Aside from a respite from the threat of force against Syrian President Bashar Assad, a seemingly inevitable consequence of last Saturday's "framework" agreement reached between the U.S. and Russia is the likelihood that Washington will resume treating Russian President Vladimir Putin as a necessary partner in international affairs.
Just a few weeks ago, President Obama's cancellation of a planned Moscow summit with Putin following the St. Petersburg G-20 appeared to put the nail in the coffin of the "reset" policy. That approach was based on a supposed departure from President George W. Bush's foreign policy and an emphasis on achieving cooperation with Moscow on a handful of discrete issues.
In fact, the fruits of cooperation with Moscow under the "reset" policy were overstated. And an actual departure from President Bush's reluctance to challenge the Putin-ization of Russia would have been welcome, but neither Bush nor President Obama responded seriously to the downward spiral on political and civil rights in Russia.
Relying on Russia for a Syria solution will make things worse on that front by obscuring alternative views among Russians on their country's role in the world. Such views exist. Former prime minister and current democratic opposition leader Mikhail Kasyanov told Radio Liberty on September 2 that, were he in office, "my actions would of course be different from what I see now being done by Russia's leaders." He also took issue with Russian government efforts to absolve the Assad government of responsibility for the August 21 attack in the Damascus suburb of Ghouta.
Russia's democrats see in Putin's Syria policy a self-serving desire to protect the club of autocrats. They believe it is in the interests of their country "to support the international community's effort to limit the power of dictators and stop crimes against humanity," Alexander Podrabinek, an opposition journalist, wrote online for the Institute of Modern Russia on September 17.
The discovery by U.N. weapons inspectors' of Cyrillic lettering on munitions that delivered the sarin gas to Ghouta and evidence tracing the attack to Syrian government military facilities ought open up a frank discussion – in the U.S. and in Russia – about the history of Soviet assistance to the Assad family dictatorship and its arsenal of weapons (both chemical and conventional). Unfortunately, the dynamic of current U.S.-Russia policy will create a an incentive for the Obama administration to downplay or gloss over Russian assistance to Assad of any kind, including conventional weapons and U.N. obstructionism that has contributed to many more deaths than those at Ghouta.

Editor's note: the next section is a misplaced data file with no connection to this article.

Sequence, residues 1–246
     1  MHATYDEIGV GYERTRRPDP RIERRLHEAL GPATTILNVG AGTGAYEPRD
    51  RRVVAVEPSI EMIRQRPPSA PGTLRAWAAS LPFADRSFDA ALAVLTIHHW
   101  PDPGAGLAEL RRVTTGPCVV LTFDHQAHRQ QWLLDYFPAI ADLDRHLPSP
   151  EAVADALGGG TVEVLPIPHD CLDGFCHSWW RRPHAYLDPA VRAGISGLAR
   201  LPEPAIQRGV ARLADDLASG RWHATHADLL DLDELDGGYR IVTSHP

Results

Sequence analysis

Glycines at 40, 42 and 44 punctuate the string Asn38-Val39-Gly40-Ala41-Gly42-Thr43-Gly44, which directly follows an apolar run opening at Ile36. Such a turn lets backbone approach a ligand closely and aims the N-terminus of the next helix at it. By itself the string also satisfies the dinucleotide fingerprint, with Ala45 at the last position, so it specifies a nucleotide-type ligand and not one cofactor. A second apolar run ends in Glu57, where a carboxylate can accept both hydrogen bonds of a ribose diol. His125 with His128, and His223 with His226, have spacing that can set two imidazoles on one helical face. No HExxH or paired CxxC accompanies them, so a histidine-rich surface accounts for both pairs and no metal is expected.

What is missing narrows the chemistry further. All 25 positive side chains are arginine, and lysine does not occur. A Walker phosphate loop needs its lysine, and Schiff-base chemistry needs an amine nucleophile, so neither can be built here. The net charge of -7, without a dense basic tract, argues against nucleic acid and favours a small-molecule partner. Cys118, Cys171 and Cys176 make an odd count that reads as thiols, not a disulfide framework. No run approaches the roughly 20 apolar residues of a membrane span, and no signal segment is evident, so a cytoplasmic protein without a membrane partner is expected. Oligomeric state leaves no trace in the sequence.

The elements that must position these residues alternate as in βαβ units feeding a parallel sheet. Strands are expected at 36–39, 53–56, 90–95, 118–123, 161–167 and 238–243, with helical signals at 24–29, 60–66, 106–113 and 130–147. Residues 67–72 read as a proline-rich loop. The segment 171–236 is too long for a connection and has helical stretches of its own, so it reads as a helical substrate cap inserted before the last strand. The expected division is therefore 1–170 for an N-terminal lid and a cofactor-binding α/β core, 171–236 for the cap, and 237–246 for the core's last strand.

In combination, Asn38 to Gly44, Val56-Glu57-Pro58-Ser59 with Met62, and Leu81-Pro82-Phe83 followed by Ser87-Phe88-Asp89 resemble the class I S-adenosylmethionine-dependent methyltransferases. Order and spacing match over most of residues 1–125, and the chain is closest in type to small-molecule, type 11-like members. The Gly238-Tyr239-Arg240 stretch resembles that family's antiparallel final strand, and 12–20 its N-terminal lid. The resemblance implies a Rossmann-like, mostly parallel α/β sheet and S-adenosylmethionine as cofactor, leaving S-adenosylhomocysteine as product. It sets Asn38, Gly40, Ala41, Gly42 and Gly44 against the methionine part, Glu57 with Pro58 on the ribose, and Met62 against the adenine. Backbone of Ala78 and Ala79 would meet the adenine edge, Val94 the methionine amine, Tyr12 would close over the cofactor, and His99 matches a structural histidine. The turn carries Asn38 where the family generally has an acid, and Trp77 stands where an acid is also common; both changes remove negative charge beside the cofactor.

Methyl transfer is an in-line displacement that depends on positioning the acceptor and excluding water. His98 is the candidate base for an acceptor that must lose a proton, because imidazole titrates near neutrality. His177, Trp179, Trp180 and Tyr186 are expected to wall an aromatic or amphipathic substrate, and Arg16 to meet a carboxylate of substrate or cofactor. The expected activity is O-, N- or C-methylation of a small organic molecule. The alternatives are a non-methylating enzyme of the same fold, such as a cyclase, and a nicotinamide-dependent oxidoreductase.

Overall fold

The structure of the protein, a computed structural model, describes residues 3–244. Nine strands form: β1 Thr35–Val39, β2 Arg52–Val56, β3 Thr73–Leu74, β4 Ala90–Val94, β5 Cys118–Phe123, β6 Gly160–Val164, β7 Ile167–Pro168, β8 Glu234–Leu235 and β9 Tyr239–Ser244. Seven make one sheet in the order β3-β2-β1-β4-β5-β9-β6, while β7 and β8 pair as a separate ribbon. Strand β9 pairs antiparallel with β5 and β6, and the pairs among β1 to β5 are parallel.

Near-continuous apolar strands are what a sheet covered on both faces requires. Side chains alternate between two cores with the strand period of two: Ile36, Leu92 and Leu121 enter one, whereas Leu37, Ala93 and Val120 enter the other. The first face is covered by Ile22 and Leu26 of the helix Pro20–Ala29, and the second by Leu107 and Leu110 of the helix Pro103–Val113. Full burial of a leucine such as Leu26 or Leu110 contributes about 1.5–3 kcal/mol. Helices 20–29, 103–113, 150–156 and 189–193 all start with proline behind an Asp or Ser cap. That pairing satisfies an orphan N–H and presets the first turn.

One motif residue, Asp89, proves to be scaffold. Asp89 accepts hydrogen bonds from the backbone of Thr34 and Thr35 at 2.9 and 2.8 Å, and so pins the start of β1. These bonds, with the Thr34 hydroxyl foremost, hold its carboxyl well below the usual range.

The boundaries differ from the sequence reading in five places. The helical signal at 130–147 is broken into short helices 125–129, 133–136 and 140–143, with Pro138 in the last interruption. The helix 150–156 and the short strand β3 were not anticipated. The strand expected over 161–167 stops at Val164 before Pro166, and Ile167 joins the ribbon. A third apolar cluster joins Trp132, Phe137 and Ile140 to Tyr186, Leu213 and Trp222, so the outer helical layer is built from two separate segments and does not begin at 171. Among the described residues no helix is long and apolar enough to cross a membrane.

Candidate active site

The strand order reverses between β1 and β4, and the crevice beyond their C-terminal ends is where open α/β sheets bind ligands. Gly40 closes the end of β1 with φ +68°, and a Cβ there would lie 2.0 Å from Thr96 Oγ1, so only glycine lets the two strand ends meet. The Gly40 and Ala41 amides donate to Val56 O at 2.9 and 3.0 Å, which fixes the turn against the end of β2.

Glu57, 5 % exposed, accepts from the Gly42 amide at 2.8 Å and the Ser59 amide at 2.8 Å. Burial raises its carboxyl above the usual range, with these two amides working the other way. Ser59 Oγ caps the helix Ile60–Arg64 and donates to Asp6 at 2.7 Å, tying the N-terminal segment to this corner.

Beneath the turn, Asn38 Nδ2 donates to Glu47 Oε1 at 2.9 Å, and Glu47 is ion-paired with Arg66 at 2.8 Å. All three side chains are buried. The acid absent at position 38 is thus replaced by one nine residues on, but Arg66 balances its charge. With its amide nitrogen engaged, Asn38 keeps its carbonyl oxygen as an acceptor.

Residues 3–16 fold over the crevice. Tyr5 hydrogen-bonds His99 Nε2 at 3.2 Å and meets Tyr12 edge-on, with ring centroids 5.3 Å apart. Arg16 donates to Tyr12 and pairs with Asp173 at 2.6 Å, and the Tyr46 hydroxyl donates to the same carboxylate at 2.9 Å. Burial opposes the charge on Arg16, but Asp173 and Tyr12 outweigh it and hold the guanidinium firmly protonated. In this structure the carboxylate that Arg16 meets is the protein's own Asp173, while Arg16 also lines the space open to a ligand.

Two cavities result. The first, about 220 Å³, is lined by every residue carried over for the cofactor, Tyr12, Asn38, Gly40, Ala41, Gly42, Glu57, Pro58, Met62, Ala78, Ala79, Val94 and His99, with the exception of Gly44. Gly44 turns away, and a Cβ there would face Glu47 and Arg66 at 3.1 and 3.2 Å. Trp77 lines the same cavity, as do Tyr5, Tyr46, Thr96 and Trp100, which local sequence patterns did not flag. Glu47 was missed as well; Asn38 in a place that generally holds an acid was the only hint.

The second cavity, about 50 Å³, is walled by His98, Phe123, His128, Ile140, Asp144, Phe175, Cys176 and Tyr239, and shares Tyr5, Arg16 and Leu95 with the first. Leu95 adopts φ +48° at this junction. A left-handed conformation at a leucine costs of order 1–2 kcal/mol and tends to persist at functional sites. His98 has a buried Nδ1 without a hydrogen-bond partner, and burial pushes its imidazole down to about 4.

Autocrats like Putin who dominate domestic media and wield the threat of punishment against speech they don't like are able to effectively identify themselves with the nation and the state. It helps also that Putin is in the position to pay an American public relations firm millions of dollars to place propaganda in the pages of The New York Times, even as he targets individuals and organizations receiving funds from democracy foundations abroad as "foreign agents."
The fact is, a dependence on Putin for a Syria solution is likely to result not only in no progress in ending the Syrian conflict, but also to hamper the efforts of Russia's opposition figures who wish to steer a course away from the foreign policy of autocracy, adopt a more cooperative international approach and apply the values they work for at home to Russia's foreign policy. It's a bad deal all around.
Ellen Bork is Director of Democracy and Human Rights at the Foreign Policy Initiative in Washington, D.C.